Up to that point, I had only had two flat tires in my life and one of them was on the viaduct, how could this happen to me twice!! Then the right rear slammed down equally as hard. Oh no – two flat tires – I must have driven over a whole pile of nails! Then the rear end of the car began to oscillate violently. The rear axel! That must be it. Somehow I must have broken my rear axel! I know I must sound clueless, but this all happened in about six seconds. As I was struggling to keep the car in the lane, the thought of “earthquake” did cross my mind, but I was listening to the garden show on NPR where everyone seemed to be acting as “cool as cucumbers.” I was approaching the Seneca off-ramp and decided it would be best to get off the viaduct. As I coasted down the ramp, and watched people pouring out of office buildings on First Avenue, I heard NPR’s Steve Scher calmly remark, “All right I guess we call that an earthquake.” And with the same degree of calmness, “Wow, that’s a serious earthquake.” At that point, I limped away in my ’93 Saab, glad that the only damage I had incurred was broken rear shocks to my car.”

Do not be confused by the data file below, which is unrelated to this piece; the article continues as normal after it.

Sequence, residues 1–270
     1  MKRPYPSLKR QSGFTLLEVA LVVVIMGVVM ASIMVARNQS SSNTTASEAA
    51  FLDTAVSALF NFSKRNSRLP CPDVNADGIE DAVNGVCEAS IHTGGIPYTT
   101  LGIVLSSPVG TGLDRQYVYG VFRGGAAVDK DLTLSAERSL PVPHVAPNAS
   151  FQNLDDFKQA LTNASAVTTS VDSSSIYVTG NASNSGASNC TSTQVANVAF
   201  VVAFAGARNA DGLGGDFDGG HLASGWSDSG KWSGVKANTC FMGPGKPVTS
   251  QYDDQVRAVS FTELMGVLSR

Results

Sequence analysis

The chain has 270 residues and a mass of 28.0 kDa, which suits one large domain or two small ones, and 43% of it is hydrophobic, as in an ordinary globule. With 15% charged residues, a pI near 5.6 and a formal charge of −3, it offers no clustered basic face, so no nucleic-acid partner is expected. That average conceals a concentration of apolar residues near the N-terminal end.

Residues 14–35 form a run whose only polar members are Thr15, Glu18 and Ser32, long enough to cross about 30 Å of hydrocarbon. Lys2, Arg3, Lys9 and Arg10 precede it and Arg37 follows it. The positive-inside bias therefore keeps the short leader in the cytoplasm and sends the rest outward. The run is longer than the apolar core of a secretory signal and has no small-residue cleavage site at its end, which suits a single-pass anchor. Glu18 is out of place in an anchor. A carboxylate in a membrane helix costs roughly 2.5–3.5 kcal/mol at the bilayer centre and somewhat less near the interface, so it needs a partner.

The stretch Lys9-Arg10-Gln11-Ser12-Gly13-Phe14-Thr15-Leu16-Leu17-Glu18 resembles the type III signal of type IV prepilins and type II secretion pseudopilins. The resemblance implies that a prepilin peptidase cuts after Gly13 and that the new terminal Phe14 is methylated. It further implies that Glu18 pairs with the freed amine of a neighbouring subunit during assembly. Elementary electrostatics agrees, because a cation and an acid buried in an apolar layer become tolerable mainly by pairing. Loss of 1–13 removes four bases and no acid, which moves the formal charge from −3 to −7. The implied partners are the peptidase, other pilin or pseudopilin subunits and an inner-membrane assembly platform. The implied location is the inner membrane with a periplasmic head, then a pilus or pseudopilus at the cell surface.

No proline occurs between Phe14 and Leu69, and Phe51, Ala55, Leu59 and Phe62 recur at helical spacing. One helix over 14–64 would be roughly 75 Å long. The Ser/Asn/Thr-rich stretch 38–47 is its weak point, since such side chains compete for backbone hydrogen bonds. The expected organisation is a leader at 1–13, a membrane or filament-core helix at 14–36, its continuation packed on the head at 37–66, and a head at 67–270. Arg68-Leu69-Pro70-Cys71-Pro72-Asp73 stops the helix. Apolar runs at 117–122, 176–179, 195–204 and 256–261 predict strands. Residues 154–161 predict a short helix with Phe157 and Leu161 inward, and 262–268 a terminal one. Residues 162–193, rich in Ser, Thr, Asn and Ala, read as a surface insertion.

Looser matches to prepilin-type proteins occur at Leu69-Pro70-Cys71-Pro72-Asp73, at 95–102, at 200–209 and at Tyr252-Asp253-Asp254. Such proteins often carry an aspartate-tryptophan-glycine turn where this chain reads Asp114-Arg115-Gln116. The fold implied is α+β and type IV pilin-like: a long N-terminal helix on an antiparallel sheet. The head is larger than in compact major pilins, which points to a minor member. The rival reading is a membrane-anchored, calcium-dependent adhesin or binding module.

September 4, 2011 at 10:31 PM
Sketched Aug. 30
“An elevated freeway right on the waterfront? What a waste of space.”
That’s what my little tourist brain thought about the Alaskan Way Viaduct when I first visited Seattle in 1995, more than a decade before I moved here for good.
But now I understand why the viaduct is there. When it was built in 1953, the waterfront wasn’t quite the playground for tourists it is today. It was a logical spot to build the city’s first major transportation corridor, replacing some of the railroad tracks that had run along the industrial shoreline since the late 1800s.